Tuesday, 6 July 2021

Getting through the nerves of the OCI process

image from pixabay

Preparing and participating for recruit is no easy task. From perfecting your resume to practicing interviewing in your mirror, there is a lot of nerves, excitement, and learning involved. When I was going through the recruit, I spent a lot of time worrying about what was going to happen. 

Once it was over, I realized how much stress I unnecessarily caused myself. 

Here are my insights on how to have a successful and stress-free recruitment.

Application Materials

When it comes to preparing your cover letter and resume, make certain they capture not only the experiences you have had but also the skills you have gained. You must find a balance between providing enough information on your application materials for firms to have a sense of the highlights you bring, but not too much information to the point that it is over-cluttered. What is the point of interviews if you have nothing further to talk about?

Proof-reading is very important. Ask a friend, a parent, anyone you can find to read over your materials. Spelling mistakes and grammatical errors looks like you put little effort into your application, which can be a negative factor when it comes to having your application compared to hundreds of others.

OCI/In firm Interview

So, you scored the interview(s). That is so exciting! Make sure to research the firms you will be interviewing with. Look at what areas of law they practice, their recent cases, and watch out for any buzzwords the firm uses frequently across their websites. Buzzwords can give a good inclination of what the firm finds very important.

A good way I found to practice interviewing was practicing with a friend. My roommate and I practiced interviewing each other, and the first couple times I could not get through the whole 17 minutes without feeling awkward and laughing. But if you can get through the awkwardness of doing a serious interview in front of your friend, you will be a pro by the time the real thing comes around.

An interviewer may ask about one of your past work experiences or an extra-curricular you participated in. This is an opportunity for you to tell a story, starting from an experience you had, a skill you developed, and how that will transfer into the work you hope to do for the firm. Do not just restate what you have already written down in your submission materials because they have already read that!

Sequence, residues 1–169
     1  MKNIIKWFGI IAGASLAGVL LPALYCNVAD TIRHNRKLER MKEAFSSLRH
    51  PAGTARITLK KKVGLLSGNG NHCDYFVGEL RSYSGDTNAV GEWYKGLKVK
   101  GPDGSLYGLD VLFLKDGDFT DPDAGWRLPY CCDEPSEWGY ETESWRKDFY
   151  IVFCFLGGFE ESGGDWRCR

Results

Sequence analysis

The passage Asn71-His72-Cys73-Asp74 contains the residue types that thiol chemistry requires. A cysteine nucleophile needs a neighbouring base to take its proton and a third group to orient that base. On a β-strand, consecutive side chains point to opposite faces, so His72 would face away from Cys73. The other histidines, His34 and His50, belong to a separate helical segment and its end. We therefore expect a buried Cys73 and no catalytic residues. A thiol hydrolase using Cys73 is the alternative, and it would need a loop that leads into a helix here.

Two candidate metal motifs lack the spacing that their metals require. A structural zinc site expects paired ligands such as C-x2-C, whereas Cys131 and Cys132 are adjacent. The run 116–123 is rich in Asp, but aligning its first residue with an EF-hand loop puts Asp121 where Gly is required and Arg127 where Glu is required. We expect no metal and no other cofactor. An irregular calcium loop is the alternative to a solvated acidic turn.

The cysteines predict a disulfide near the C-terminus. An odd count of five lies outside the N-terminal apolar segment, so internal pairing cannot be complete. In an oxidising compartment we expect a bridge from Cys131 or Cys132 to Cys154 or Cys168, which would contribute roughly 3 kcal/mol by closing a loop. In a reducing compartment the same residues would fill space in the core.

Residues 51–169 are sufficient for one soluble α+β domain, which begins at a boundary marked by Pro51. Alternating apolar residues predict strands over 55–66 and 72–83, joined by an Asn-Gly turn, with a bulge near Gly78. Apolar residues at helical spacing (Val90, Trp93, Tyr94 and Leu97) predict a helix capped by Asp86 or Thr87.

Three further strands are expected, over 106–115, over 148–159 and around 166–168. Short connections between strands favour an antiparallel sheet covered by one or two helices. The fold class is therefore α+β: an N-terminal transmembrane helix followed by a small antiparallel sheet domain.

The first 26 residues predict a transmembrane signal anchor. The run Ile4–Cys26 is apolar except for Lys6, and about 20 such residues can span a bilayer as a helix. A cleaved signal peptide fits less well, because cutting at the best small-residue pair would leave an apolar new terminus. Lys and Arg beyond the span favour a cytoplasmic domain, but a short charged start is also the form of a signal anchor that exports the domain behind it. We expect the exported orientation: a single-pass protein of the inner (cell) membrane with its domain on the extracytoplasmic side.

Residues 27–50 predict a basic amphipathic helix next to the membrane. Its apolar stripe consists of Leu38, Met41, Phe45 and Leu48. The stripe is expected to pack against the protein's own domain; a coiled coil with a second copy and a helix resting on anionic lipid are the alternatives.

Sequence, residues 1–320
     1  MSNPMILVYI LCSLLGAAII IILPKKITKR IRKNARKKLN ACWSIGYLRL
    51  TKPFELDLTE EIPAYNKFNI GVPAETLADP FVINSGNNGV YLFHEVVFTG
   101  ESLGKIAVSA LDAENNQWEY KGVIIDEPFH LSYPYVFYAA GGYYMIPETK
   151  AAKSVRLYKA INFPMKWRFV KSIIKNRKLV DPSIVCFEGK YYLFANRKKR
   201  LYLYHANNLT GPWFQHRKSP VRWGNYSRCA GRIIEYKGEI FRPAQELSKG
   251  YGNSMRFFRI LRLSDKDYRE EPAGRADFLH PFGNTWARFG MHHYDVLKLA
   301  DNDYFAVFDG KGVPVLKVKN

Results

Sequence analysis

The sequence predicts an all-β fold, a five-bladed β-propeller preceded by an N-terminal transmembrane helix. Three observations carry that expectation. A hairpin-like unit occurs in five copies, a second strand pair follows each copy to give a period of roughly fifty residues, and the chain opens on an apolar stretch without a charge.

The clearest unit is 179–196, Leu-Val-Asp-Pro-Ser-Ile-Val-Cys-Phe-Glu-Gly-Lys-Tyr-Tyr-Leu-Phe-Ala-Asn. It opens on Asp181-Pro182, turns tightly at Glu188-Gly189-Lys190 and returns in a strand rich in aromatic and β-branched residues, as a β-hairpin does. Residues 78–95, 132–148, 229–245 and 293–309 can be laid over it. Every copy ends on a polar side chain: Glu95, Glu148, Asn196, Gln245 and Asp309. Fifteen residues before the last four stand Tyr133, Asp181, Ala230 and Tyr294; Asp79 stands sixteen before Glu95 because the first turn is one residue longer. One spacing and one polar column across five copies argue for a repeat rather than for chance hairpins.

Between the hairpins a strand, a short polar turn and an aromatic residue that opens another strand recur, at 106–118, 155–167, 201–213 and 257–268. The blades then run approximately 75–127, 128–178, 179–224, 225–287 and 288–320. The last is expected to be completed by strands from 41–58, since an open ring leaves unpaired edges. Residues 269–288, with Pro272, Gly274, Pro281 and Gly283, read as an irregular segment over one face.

Bring questions for the interviewers. While they are interviewing you, you are equally as much interviewing them! My OCI interviewers left up to half the allotted interview time just for me to ask them questions. This is a great opportunity to show what research you have done on the firm, and what you would like further information on. Do not ask any questions that a quick look on their website could have answered.

Pep Talk

At the end of the day, always make sure to be yourself! It can be too easy to get caught up with imposter syndrome and to think you need to act like someone you are not, just to come off as cool, calm and collected. The problem is that interviewers can see right through it. They want to get to know the real you, so let that person shine on through! The right firm for you will be the one where the real you can be appreciated and accepted.

Something that helped me with managing stress during the OCI process was refraining from speaking about it to my friends in law school. As tempting as it is to run to others and compare who got interviews where, it is important to be mindful that the process is different for everyone. By refraining from speaking about it, when my friends and I were hanging out we were truly just having a good time and there were no stressful conversations about the latest OCI news. Of course the day after call day when everything cooled down a bit, everyone told each other the mix of news. But by refraining from these conversations during the midst of recruit, we were all able to balance our stress to a manageable level without feeling pressured or compared further by our surrounding classmates.

I wish all the incoming 2L’s the best of luck in the 2021-2022 recruit, and hope it is a memorable and fun experience to look back on as one of the milestones of law school.